We are now focusing on validating some of the high-priority ovarian cancer candidate biomarkers from the above discovery studies. The major strategy we are using for laboratory-scale validation in modest-sized patient cohorts is to use label-free multiple reaction monitoring (MRM), a targeted mass spectrometry approach that is quite different from the mass spectrometry approaches used for discovery. In this method, targeted mass spectrometry (MS) assays are set up to quantitate selected peptides for proteins of interest. Due to the low abundance of the proteins and the associated peptides in serum or plasma patient samples, it is necessary to deplete high-abundance proteins followed by further fractionation prior to the MRM-MS assays using a triple quadropole mass spectrometer. In initial proof-of-principle experiments, several ovarian cancer biomarkers have been shown to be significantly higher in ovarian cancer patients compared with normal controls or patients with benign ovarian conditions.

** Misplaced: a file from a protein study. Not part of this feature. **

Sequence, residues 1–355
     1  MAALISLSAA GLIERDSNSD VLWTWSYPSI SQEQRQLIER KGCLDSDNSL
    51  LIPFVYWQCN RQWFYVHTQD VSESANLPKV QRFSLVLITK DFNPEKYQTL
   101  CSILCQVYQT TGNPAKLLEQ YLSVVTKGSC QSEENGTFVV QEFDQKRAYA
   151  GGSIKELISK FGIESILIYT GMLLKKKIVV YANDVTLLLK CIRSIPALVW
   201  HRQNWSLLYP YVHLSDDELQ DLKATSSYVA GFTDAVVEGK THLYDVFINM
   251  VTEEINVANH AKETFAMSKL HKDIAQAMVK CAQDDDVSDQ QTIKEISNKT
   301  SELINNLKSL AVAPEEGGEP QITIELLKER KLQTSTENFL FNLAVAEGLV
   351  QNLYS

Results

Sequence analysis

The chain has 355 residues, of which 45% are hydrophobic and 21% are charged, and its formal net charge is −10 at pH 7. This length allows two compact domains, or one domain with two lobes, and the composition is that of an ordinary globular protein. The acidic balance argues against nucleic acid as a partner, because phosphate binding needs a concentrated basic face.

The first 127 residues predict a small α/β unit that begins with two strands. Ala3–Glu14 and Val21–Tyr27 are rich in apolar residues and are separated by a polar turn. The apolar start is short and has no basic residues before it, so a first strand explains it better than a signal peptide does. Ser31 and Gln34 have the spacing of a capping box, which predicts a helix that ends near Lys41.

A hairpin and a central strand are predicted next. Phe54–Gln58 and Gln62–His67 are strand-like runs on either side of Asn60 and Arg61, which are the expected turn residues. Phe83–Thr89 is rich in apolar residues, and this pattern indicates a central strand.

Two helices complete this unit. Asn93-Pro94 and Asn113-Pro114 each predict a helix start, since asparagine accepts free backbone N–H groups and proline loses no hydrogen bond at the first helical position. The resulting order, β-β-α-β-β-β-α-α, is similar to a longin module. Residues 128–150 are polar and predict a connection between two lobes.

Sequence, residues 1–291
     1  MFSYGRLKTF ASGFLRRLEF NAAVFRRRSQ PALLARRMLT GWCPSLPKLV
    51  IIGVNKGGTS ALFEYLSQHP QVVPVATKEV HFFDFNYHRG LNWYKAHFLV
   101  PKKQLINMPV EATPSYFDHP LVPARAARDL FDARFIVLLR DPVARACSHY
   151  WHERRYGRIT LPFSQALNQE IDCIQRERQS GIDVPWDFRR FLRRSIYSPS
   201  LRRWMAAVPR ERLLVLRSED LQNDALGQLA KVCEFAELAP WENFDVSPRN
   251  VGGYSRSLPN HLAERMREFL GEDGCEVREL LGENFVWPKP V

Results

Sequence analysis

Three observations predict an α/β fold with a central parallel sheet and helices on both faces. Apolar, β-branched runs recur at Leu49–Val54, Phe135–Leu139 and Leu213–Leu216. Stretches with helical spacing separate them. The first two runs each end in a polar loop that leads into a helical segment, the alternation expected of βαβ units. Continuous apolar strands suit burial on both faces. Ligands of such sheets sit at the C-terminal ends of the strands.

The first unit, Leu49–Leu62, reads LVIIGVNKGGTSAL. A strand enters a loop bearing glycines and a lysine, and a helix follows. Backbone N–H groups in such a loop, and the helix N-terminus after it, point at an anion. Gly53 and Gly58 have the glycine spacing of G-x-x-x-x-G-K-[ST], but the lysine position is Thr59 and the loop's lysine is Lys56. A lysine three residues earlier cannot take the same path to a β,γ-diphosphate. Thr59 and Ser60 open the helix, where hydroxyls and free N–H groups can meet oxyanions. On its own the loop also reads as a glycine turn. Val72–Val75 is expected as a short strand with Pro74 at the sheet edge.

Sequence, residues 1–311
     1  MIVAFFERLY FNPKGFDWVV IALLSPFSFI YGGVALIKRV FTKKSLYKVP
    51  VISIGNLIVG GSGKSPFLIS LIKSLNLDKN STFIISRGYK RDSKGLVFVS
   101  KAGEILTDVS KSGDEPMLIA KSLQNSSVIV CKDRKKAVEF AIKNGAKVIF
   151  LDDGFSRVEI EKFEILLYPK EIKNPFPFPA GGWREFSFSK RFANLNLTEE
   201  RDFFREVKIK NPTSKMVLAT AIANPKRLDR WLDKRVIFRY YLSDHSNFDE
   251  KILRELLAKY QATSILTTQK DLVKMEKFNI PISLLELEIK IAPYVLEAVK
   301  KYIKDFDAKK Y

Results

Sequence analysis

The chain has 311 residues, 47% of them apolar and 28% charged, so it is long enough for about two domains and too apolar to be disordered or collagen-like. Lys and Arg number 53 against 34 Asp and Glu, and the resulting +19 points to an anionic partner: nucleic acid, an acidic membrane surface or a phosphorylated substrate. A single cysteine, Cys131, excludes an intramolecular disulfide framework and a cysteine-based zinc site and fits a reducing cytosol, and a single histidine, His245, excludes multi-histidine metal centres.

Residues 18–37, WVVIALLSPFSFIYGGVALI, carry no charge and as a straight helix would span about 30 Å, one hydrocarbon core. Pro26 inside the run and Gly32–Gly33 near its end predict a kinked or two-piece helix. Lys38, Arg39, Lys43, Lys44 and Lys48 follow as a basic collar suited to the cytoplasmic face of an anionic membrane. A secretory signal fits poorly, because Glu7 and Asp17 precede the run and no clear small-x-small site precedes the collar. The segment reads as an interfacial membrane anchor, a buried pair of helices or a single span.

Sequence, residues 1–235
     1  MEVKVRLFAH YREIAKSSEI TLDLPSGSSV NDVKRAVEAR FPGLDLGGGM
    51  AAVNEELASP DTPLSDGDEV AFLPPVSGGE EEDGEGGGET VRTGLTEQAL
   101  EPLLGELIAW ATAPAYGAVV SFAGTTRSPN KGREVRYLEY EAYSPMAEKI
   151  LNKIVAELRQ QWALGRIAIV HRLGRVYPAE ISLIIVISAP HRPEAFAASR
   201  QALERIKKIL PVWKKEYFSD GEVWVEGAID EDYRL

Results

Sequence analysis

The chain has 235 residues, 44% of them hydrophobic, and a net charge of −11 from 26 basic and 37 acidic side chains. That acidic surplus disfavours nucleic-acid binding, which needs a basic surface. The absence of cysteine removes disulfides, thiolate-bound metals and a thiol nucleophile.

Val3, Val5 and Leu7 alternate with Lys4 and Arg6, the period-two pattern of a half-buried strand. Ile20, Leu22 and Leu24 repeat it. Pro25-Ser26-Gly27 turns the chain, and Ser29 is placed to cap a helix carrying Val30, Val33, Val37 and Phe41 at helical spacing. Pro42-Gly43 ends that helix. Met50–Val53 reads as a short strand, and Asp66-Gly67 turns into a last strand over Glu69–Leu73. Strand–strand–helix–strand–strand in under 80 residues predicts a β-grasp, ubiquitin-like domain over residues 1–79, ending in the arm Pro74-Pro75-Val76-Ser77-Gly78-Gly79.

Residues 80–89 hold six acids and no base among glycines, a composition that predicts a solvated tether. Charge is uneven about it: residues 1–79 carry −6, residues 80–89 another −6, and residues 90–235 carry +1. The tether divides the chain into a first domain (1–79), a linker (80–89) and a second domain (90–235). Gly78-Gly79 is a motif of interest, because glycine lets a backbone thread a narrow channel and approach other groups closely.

Colorectal cancer is a major international health problem that results in more than 100,000 deaths worldwide every year. In the United States, it is the second highest cause of cancer deaths, with approximately 140,000 new cases reported annually, and mortality approaches about 60,000 cases each year. About 90% of these colorectal cancers arise from adenomatous polyps, and surgical resection is an effective treatment for these precancerous lesions as well as localized disease.